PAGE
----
The Gladstone Hotel is pleased to present our first International Artist Residency in conjunction with GROW OP: the Gladstone’s annual exhibition of Urbanism, Landscape and Contemporary Art, held April 18-22, 2018.
Beginning at Artscape Gibraltar Point on Toronto Island, and then fully-realized in the Gladstone’s 2nd floor Gallery, this year’s residency welcomes Emily Jan, of California, USA and Adrian Stimson, of Siksika/ Blackfoot Nation, Alberta. This year’s residency is presented in partnership with Toronto Friends of the Visual Arts and Artscape Gibraltar Point.
Emily Jan and Adrian Stimson are both contemporary artists, often inspired by the relationship and connection between humans and other species. Their art speaks to the effects these relationships may have on their surrounding environments. Through the use of organic materials, both Jan and Stimson are advocates for sustainable practices in the arts.
We are thrilled to have both Emily Jan and Adrian Stimson as our first ever GROW OP Artists in Residence. Their contribution to the exhibition is bound to be thought-provoking and insightful. You can purchase your tickets for the exhibition, including both artists’ installations, here: growop2018.eventbrite.ca
The World Is Bound By Secret Knots is a sculptural installation that grew out of the artist’s explorations through South America. She brought these encounters and experiences back home and re-integrated them into her life in a North American metropolis. There is a connection between living organisms, and the temporal blur between the living, the dying, and the regenerating in a dizzyingly complex place. The relatively sparse web of life in the North and the diverse ecosystems of the equatorial South speak to the inextricably intertwined relationships of life on this planet, of which we are only one species. The installation addresses that dissolution of boundaries between Self and Other by reimagining species and objects, as if they were the shifting thoughts of the rainforest itself emerging through the woodwork of an anonymous domestic space.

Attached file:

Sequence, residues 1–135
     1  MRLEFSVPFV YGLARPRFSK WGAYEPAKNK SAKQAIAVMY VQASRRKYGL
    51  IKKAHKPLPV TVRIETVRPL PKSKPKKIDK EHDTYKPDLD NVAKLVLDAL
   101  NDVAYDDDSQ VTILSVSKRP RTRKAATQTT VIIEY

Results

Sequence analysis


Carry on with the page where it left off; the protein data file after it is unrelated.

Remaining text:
Emily Jan creates intricately crafted, hyper-realistic installations made of a mixture of hand-made flora, fauna and found objects. These installations mix elements of high culture with low culture, science with mythology, and history with current affairs. Jan transforms common North American materials, such as wool, wicker, recycled cloth, and found objects, into exquisite installations. The creatures, wondrous and monstrous by turns, feel real but are entirely handmade. In this age of mass extinctions and climate change, there is an importance of being able to envision places and species we may never see.
In responding to the theme of “After the Flood,” Stimson started to research Blackfoot Nation mythology as it relates to creation stories and floods. One of Blackfoot Nation’s main creation stories involves the world being a big ocean, and “Napi,” the old man or trickster, is stuck on a raft with various animals. In the end, the muskrat dives into the ocean and discovers the clay in which human beings are made of. This story is the basis for the work Stimson will create. The Blackfoot Nation, like most Indigenous cultures on Turtle Island, created boats for traversing rivers and lakes. These were known as “Bull Boats,” and although not as refined and well-known as the canoe and other Indigenous watercraft, the Bull Boats were integral to the Blackfoot Nation and are a vital part of their history and material culture. Stimson’s installation will be comprised of a contemporary version of a Bull Boat, including elements such as light, sound, water, clay, petroglyph drawings and stencils.
Adrian Stimson is a member of the Siksika (Blackfoot) Nation. An interdisciplinary artist who exhibits nationally and internationally, Stimson was the recipient of a Governor General’s Award in Visual and Media Arts in 2018. He holds a BFA with distinction from the Alberta College of Art & Design and MFA from the University of Saskatchewan. His installation work primarily examines the residential school experience; having had attended three residential schools in his life. He has used the material culture from Old Sun Residential School on his Nation to create works that speak to genocide, loss and resilience.